FMI celebrates its 2023 Executive Leadership Award Winners.
Learn more about our award recipients and the outstanding contributions
they made to advance and strengthen the food industry.
Few demonstrate a stronger love for company and career than Joe Sheridan, president of Wakefern Food Corp. Much like Sidney R. Rabb who served as chairman of his family’s grocery business for more than four decades, Sheridan has remained a proud and trailblazing employee of Wakefern for 47 years. His career at the company began in 1976, when he was hired as a selector in the company warehouse. He would go on to assume leadership roles in logistics, finance, procurement and management in the grocery, direct-store delivery, bakery, health and beauty care, non-foods and pharmacy divisions. Throughout the decades, Joe has been instrumental to Wakefern’s continued growth and success – and today, the cooperative has more than 365 stores under the ShopRite, Price Rite Marketplace, The Fresh Grocer, Dearborn Market, Gourmet Garage and Fairway Market banners. A staunch advocate of technology and innovation, in 2002 Joe helped Wakefern launch one of the grocery industry’s earliest online shopping platforms. He has also made significant investments in food retail AI to optimize product sourcing, inventory tracking and waste reduction. Additionally, under Joe’s leadership, the cooperative has expanded its banner brands portfolio, launched award-winning private label lines, and brought on new members. And perhaps closest to his heart, Joe has helped Wakefern expand its culture of giving, donating millions of dollars to soup kitchens, food pantries, homeless shelters and other charities fighting food insecurity, along with supporting diabetes research and veterans organizations. Sheridan serves on the FMI Board of Directors and is past Chairman. He also participates in multiple leadership roles on FMI board-level committees: Executive Committee, Industry Relations, Public Affairs, and Chairman of the Nominating Committee. In 2020, he helped usher in a new era of governance at the association when FMI repositioned itself as the Food Industry Association.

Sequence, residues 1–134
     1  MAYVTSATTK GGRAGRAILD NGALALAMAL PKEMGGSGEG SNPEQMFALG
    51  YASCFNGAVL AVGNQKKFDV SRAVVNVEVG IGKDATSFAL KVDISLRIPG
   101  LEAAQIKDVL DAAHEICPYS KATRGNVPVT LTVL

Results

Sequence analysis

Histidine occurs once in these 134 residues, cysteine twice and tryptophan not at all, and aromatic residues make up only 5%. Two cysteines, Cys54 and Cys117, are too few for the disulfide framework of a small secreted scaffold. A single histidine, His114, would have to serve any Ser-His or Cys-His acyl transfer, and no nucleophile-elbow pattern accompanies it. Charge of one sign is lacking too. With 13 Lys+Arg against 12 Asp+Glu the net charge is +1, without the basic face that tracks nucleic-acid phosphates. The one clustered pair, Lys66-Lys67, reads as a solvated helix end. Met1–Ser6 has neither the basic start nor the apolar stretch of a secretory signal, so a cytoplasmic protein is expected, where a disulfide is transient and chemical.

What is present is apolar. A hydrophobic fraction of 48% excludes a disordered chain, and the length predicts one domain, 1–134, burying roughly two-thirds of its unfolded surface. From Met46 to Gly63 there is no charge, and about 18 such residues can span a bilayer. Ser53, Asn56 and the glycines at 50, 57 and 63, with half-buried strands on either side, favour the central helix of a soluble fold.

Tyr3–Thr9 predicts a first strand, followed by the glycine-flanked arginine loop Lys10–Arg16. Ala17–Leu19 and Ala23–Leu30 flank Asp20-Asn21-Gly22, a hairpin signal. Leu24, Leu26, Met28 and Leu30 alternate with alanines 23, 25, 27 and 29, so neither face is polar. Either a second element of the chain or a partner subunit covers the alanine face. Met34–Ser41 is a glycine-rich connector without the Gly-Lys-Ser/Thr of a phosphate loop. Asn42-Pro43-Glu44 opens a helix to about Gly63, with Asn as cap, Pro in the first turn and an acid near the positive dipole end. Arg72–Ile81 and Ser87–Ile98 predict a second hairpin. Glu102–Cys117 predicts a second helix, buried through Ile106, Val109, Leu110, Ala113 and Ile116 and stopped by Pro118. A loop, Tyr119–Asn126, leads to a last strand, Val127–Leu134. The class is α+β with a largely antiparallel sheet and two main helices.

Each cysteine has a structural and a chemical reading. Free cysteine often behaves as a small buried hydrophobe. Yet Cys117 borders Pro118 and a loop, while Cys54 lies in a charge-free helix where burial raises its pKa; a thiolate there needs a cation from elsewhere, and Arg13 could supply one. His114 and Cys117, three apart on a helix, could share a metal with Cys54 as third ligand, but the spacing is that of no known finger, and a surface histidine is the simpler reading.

In order to maintain decades of consumer trust and top-tier customer service, a food retail executive must be highly transparent and proactive in prioritizing consumer demand, a healthy company culture and long-term relationships with vendor partners. Like food retail pioneer Robert B. Wegman, Art Potash fully understands that these traits are essential to the success of any grocery business. Art’s entrepreneurial leadership has been instrumental in overcoming extraordinary challenges in continuing Chicago-based Potash Markets as the beloved brand it is today. For example, Potash exemplifies the concept of the neighborhood grocery store, operating a Potash Markets store on the 44th floor of Chicago’s John Hancock building. He has also positioned his company to serve critical needs in the communities of downtown Chicago. During a period of civil unrest in the city, Potash Markets’ State St. location suffered damage twice, but each time reopened within days to serve community members. Beyond everyday customers, Potash welcomes legislators and journalists to his stores to advocate for the food industry in a host of areas, including swipe fees and tax and trade issues. Potash is a respected and engaged FMI Share Group participant, as well as an active member of FMI’s Board of Directors. Currently, he serves as Chairman of the Board for the Illinois Retail Merchants Association. For his impactful contributions to industry advocacy, Art Potash was selected as the recipient of FMI’s 2012 Glen P. Woodard Award, Jr., Public Affairs Award.
After a lifetime of people-first progress and food retail success, the late Bob Obray raised the bar for humanitarian leadership and left an inspiring legacy of executive management best practices. In similar fashion to the “Great Humanitarian” Herbert Hoover, Obray led Associated Food Stores with the dual aim of maximizing consumer satisfaction and uplifting communities in need. During his 18-year tenure with the company, he consistently pushed for innovation and growth. As senior vice president and chief financial officer, he oversaw the development of the 2020 and Beyond Plan, which analyzed every facet of business at Associated Food Stores to identify opportunities for improvement. He also authorized generous donations to the Utah Food Bank, Primary Children’s Hospital, Muscular Dystrophy Association and Make-A-Wish Utah. Obray was fiercely committed to the strength of the independent grocer, customer care and collaboration among his industry peers. At the time of his passing, Obray was a vocal participant in FMI’s Wholesaler Share Group and an active member of FMI’s Board of Directors.